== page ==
Blockchain in the food industry
As with all good inventions, the spin-offs and additions to blockchain will continue – the possibilities seem endless. Food Safety Tech has run an excellent series of articles on this concept. These articles cite potential impacts that could be felt by anyone dependent upon access to safe, clean, and healthy food. The impacts and benefits are far-reaching and will have significant positive impacts.
A number of leading technology and innovation providers are working with some of the world’s largest organizations that produce, procure, manufacture, and distribute food around the world to explore how blockchain can be leveraged. Even food retailers like Walmart are investing heavily in partnerships and technology.
As we continue to move into a truly global economy, where foods cross country borders freely, being able to track where a food product came from and the potential risks it encountered along its journey becomes increasingly important for protecting the health and safety of consumers.
Blockchain could potentially be the tool that helps us do this. Blockchain offers us the opportunity to access detailed information about food or even food components: who touched, impacted, or influenced the food from the farm to it being on your fork.
To be truly transparent, blockchain technology must be expanded so that there is a publicly viewable aspect of it. As it exists today, blockchain technology is confined within more private networks. Jon Labrie at Greenfence does an excellent job of explaining the limited nature of blockchain technology as it exists now in his recent post on the GFSI Consumer Goods Forum.
Real-world applications of blockchain
The average person, no matter where you are in the food supply chain, might wonder is this truly possible, why is it important, and how does it impact what I do, be it grower, producer, service provider or consumer.
A recent Business Insider article shows how IBM’s Blockchain™ tracks food products digitally from farm to store shelves and ultimately to consumers. This technology enables the monitoring of information such as farm origination details, batch numbers, factory and processing data, the intermediary details, expiration dates, storage temperatures and shipping details, along the entire food supply chain.
Utilizing IBM’s Watson technology, supply chain managers can use predictive information to better manage the food supply chain. With the level and intensity of the information, anything pertaining to the food consumed can be shared on the ledger of information that gets passed from partner to partner. With the advent of open source networks, this rich information will be more readily available to be shared between anyone touching the shipment.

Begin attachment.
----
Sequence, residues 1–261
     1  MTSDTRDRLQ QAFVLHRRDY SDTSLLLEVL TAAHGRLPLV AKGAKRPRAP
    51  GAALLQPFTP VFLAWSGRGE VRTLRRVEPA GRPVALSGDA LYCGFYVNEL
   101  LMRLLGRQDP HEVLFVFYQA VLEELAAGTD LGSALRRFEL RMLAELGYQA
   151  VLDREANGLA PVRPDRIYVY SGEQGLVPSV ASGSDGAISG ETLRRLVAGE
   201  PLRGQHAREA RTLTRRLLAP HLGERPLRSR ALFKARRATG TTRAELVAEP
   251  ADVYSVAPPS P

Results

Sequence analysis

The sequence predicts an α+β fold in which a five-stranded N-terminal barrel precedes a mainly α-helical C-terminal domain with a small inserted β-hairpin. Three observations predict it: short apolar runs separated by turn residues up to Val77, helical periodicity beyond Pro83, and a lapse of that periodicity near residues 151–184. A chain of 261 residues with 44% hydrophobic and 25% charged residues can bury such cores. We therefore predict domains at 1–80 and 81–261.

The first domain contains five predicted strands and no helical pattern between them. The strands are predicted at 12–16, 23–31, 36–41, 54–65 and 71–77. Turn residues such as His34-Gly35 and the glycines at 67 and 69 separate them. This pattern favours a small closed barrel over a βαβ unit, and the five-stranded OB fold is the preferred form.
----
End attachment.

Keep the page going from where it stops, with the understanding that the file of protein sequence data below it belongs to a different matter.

Blockchain and how it connects with pest control
As a service provider, Rentokil Steritech’s goal is to understand how this technology impacts the service we provide to our customers and what changes need to be made so that we can leverage it to help our customers. As blockchain begins infiltrating our customers’ environments, it becomes more important that they have information about pest control that can impact product quality: who is in your facility, what materials are they using, what frequency are they visiting, and what are the issues being encountered in terms of pest control treatments and inspections.
We’re already providing much of this critical information digitally to our customers. From the time a Rentokil Steritech Specialist walks into a facility, information about that person is available and readily transferable via electronic logbook information, technically before the service even begins.
With technology forward tools such as Rentokil Steritech’s PestNetOnline and PestConnect, this information can be provided to food manufacturers or suppliers to help support the need for better, more accurate information.
These types of information are important in third-party audits required by many companies to do business. Details on inspections and recommendations are the things that interest auditors most. This information and critical details can be easily uploaded or transferred electronically. As a food producer or distributor, you can add confidence to your products as they move from the warehouse to grocery shelf or restaurant floor.
Service providers like Rentokil Steritech that are able to provide this level of detail, combined with cutting-edge technology, can help provide the framework for what’s possible with blockchain in terms of how a product is stored and protected from pests. In the world of blockchain, pest control information has the potential to be a part of the permanent ledger, helping to further reinforce the safety of foods at any point along the supply chain.